In my last post, I showed off some normal-mode data from vim-logging. In this (and the next few) posts, I'll go though my most-used commands and describe how I use them.
(Don't use Vim? This post won't be too interesting… Although you may pick up something useful)
My logs contain more than 60,000 references to the 'g' command (eight times more than ':', the next most frequently used command). This may seem surprising at first, but stick with me and let me explain: the 'g' command is something of a 'gateway' command - a prefix for a number of common actions which don't have their own single-character command (for example, gd, goto definition and g?, rot13 encode).
Here is a breakdown of the 'g' suffixes I often use:
gj and gk: cursor to next row, cursor to previous row ("make
kdo the right thing"). The
kcommands are defined as "move to next line" and "move to previous line", not "move to next screen row" and "move to previous screen row". This is an important distinction to make when long lines are wrapped, and I find "move to next/previous screen row" is a more reasonable default. Protip: use
noremap j gjand
noremap k gkin your
gg: cursor to top of file. After using
gg(for example, to edit some import statements or add a shebang line), I often use
''(tick-tick) to jump back to the line I was editing at the time (for example,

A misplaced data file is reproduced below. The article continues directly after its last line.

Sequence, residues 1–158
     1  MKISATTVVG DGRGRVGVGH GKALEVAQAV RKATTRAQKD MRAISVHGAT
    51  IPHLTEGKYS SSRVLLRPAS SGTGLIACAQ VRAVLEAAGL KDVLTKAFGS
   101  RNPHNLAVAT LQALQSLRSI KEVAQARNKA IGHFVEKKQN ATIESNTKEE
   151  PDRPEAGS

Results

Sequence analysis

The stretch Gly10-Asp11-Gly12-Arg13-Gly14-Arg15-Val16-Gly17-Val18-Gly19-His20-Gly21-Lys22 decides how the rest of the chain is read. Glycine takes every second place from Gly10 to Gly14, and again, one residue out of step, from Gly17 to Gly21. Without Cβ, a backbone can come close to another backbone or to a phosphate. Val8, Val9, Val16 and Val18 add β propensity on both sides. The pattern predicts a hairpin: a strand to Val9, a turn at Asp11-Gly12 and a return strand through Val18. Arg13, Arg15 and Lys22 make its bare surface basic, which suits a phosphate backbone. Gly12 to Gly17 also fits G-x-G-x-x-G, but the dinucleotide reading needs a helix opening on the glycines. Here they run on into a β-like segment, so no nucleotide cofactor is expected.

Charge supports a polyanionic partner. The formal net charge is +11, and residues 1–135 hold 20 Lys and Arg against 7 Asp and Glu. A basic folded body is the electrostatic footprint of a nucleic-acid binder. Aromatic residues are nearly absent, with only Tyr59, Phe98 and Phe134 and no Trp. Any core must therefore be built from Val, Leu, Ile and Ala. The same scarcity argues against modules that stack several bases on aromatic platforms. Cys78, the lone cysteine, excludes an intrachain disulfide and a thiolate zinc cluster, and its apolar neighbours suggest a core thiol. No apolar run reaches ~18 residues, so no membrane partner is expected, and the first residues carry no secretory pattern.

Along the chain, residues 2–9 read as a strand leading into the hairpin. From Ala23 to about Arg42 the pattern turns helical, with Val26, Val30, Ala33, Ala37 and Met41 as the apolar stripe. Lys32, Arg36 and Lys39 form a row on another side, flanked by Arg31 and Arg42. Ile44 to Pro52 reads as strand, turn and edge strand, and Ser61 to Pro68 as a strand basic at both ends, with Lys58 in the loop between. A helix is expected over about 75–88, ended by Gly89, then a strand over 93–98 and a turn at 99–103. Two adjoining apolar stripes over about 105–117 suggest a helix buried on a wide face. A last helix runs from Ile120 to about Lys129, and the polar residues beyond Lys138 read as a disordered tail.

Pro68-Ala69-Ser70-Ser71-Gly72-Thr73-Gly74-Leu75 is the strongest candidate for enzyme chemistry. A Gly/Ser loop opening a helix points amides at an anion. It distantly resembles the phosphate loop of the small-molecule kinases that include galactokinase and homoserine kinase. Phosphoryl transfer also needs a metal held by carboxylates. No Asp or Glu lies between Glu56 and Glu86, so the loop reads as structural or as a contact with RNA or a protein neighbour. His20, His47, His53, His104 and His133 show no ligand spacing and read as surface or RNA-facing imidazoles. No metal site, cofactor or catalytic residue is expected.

ggofrom foo import bar<esc>''). Also, I often use
ggVG(go to top, enter line-visual-mode, go to bottom) to select the entire file. From there, I can pipe it to something (for example,
:!sort), format it (
gw) or copy it to the clipboard.
gt and gT: go tab - move to next/previous tab.
gf: goto file - edit the file under the cursor. For example, if the cursor is over the 'e' in
import "../eventDispatercherImpl.as", the equivalent of
:e ../eventDispatercherImpl.aswill be executed.
gw: go wrap. Wrap the selected text (that is, text selected in visual mode). Try selecting a long line (pressing
V), then using
gwto wrap it.
That's all the 'g' commands I can think of for now... The next version of vim-logging will log the sub-command used, so I will be able to provide better data in the future.
The colon command is fairly obvious: enter command-line mode to run commands like
I'll write more about this later, when I analyze my most-used ex commands.
d - delete - the programmers best friend.
g, I do not have detailed information about how I use
d, but I'll list the first few combinations that come to mind when I move my left index finger over the
ddto delete whole lines
di(to delete everything inside a pair of parenthesise
dfxto delete everything between the current position and the next occurrence of 'x'
dkto delete this and the next/previous line
d$to delete from the current position to the end of the line
din visual mode to delete the selected text.